Monday, April 26, 2010


Earlier this month, Steph and I took a stroll along the strip of sand on the north shore of the neck of Presque Isle Park. First, we found what was left of a ring-billed gull, complete with a couple of sets of crow tracks meandering toward it:

April Gull II

All that remained were the surprisingly spotless wings, connected to a picked-clean breastbone. The sun was low in the sky but extremely bright, which made picture-taking rather tough, especially when my shadow kept creeping into the frame. The sun did, however, provide for some brilliant backlighting on the bones:

April Gull V

The second find of the evening was the wing of a northern flicker. The feathers were very beautiful but the yellows were impossible to photograph accurately! They were more of a pure yellow than the orangey-yellow that shows in the photo. In this case, I wish I could have photographed it on a cloudy day.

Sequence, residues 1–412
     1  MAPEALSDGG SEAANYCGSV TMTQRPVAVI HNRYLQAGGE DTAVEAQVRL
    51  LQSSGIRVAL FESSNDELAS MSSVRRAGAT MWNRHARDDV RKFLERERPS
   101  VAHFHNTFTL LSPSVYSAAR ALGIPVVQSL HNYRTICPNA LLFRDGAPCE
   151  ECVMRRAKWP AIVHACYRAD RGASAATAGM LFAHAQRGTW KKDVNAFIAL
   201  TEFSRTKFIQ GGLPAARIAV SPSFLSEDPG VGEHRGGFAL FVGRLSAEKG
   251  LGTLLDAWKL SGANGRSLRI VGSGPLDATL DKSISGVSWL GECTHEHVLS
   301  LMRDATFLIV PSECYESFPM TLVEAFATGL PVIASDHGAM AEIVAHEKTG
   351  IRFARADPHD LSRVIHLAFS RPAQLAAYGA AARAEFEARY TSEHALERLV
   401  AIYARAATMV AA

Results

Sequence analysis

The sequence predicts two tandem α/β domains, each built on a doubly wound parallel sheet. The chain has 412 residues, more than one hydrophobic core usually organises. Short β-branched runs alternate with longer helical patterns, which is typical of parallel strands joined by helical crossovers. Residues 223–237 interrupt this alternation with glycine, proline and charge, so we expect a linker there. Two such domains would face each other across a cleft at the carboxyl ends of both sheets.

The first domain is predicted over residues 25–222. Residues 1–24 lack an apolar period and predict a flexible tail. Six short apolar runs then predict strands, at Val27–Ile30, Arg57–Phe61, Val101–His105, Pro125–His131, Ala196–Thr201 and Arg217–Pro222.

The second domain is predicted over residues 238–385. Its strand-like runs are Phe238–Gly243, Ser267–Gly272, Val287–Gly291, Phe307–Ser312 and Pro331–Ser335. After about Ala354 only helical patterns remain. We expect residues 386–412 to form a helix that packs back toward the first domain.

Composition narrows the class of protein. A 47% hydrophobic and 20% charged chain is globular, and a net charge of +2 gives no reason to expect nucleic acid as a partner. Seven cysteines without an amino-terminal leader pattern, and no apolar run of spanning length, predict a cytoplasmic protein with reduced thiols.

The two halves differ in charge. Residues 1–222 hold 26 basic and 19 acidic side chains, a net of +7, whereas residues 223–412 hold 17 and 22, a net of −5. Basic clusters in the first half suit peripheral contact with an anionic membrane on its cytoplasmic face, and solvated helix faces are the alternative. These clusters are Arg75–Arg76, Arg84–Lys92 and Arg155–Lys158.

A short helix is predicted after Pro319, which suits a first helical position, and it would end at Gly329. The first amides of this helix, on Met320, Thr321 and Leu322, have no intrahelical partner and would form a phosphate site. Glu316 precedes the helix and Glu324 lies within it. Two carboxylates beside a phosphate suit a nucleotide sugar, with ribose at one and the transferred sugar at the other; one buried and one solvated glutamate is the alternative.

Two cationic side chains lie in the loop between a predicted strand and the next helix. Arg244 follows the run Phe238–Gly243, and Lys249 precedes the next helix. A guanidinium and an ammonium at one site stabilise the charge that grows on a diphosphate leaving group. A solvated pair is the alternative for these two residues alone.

April Flicker III

Often, the wings are the only bird remains that we find. Predators know that there is little meat to be had on the wings, so they leave them behind; mammalian and bird scavengers know this, as well. It is up to the smaller scavengers -- the insects and microbes -- to complete the process of decay.

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